Bainbridge Island couple gives $1 million for KHS veterinary center

Patrons Russ and Linda Young say the community has a responsibility to care for its animals

The future veterinary clinic for the Kitsap Humane Society will be named the Russ Linda Young Veterinary Lifesaving Center. Plans are to break ground on the project in 2022 and be fully open for shelter and owned-pet care in 2023. (KHS illustration)

The future veterinary clinic for the Kitsap Humane Society will be named the Russ Linda Young Veterinary Lifesaving Center. Plans are to break ground on the project in 2022 and be fully open for shelter and owned-pet care in 2023. (KHS illustration)

A million-dollar gift given for the second phase of the Kitsap Humane Society’s capital campaign has brought the total so far to more than $5.2 million of the estimated $8.5 million to $9 million needed to build a veterinary lifesaving center.

Bainbridge Island residents Russ and Linda Young, who have been longtime supporters of the Silverdale organization, said they have been passionate about helping pets at the nonprofit since moving to Kitsap County 24 years ago.

“It all started with donating blankets [handsewn by Linda] and a conversation with the director of shelter medicine, Dr. Jen Stonequist, about what we could do to lend a hand,” the couple shared in a KHS statement announcing the donation.

“Dogs are at the center of our 41-year marriage. And it has set the stage for every dog we’ve rescued and, ultimately, this gift we want to give in support of KHS and this critical project. Our passion has always been pets and lifting up our community.”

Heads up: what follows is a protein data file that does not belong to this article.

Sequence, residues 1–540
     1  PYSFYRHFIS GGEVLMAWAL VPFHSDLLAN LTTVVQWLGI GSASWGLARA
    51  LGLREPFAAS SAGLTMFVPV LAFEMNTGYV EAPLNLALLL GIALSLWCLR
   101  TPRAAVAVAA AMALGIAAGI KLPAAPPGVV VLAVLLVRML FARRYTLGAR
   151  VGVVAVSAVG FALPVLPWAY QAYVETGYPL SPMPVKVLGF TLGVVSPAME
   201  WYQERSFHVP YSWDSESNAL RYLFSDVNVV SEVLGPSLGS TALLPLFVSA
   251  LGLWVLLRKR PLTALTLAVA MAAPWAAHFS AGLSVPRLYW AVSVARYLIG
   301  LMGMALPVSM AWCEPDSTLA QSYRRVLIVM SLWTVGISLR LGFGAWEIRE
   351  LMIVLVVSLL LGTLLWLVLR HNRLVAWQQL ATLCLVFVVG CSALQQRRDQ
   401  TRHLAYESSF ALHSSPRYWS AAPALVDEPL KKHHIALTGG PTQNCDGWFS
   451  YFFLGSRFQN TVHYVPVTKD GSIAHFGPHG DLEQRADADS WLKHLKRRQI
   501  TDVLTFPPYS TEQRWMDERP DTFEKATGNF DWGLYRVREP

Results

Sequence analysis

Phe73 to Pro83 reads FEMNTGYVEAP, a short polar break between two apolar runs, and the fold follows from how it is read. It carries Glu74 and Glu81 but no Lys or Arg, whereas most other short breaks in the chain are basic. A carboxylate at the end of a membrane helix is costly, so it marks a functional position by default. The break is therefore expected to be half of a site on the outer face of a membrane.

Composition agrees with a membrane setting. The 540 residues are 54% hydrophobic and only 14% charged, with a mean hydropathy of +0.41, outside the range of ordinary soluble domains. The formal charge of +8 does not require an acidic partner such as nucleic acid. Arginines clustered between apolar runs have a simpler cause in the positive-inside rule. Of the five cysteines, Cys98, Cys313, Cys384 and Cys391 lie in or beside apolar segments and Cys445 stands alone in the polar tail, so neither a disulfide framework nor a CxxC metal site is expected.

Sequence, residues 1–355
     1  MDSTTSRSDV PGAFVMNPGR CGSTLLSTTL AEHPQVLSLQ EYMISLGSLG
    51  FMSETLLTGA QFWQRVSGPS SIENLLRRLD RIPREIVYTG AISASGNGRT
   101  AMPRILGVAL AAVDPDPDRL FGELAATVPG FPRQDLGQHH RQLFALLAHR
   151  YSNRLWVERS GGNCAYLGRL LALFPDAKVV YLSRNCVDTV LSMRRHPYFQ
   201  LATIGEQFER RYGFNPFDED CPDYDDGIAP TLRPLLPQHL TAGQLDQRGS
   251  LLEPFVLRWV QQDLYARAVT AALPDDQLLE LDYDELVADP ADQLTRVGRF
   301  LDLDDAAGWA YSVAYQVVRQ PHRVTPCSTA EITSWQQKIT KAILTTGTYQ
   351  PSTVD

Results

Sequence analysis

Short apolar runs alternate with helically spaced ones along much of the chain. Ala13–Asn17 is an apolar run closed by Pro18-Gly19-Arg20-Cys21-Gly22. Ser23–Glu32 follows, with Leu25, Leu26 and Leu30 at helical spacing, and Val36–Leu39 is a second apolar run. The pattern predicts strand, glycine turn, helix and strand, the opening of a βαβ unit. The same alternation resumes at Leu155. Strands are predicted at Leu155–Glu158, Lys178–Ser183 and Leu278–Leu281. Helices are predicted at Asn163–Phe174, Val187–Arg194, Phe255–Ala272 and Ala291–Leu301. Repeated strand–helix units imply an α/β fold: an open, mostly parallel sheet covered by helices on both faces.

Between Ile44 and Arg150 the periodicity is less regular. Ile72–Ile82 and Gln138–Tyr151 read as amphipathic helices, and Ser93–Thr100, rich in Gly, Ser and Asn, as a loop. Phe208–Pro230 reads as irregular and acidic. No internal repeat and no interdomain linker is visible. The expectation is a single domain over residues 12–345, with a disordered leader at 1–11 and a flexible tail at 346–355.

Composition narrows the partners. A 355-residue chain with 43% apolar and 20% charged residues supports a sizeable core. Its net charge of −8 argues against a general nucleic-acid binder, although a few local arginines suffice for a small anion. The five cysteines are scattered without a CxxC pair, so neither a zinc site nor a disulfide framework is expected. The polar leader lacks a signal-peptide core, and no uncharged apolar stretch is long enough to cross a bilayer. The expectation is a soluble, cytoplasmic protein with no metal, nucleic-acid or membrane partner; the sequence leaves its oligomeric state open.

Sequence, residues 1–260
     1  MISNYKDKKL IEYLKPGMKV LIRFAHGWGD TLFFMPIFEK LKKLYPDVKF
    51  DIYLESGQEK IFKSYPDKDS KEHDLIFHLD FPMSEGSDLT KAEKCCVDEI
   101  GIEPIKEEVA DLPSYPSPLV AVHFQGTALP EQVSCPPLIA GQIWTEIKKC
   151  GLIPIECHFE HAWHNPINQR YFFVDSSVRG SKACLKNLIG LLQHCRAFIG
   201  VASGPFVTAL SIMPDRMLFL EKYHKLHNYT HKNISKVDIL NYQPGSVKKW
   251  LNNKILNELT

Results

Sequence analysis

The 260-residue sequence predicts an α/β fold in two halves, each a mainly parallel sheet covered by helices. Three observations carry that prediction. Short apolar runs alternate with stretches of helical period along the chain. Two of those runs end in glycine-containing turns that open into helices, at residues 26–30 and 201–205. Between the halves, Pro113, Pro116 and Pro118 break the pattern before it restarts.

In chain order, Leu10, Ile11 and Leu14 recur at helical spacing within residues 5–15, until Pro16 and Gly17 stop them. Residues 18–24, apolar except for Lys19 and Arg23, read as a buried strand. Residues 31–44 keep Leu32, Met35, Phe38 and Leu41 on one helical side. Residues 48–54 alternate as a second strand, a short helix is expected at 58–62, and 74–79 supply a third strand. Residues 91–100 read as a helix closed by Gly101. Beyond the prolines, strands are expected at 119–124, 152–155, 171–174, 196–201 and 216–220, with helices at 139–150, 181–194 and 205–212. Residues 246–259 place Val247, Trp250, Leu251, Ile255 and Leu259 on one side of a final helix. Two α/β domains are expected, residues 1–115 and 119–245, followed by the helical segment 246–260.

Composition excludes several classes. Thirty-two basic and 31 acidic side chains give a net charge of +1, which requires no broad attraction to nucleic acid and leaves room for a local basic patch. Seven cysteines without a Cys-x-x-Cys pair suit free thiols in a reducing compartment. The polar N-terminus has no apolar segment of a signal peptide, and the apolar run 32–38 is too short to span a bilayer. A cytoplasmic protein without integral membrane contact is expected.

With their gift to KHS, the future vet clinic will be named the Russ & Linda Young Veterinary Lifesaving Center, officials said in a news release. Plans are afoot to break ground on the facility in 2022 and fully open it for shelter and owned-pet care in 2023.

In their statement, the Youngs said the community has a moral obligation to take care of its animals. “It’s the only humane thing to do,” the couple stated. “Given all that animals do for us, we owe it to provide them with proper and affordable veterinary care.”

The future veterinary center will triple the size and space of the shelter’s current medical facilities, provide reduced-fee veterinary services to low-income families through a new community clinic, include expanded and enhanced treatment and surgery areas for critical care patients, and [provide] a quieter and less stressful area for pets to recover, as well as on-demand access to critical medical equipment.

“More than ever, it is time to provide our community’s pets in need with a veterinary facility that matches the excellence of our work and sustains our high lifesaving rate,” KHS’s executive director Lee Harper said.

“The last year and a half have truly showcased the critical bond between pets and their people,” Harper added.

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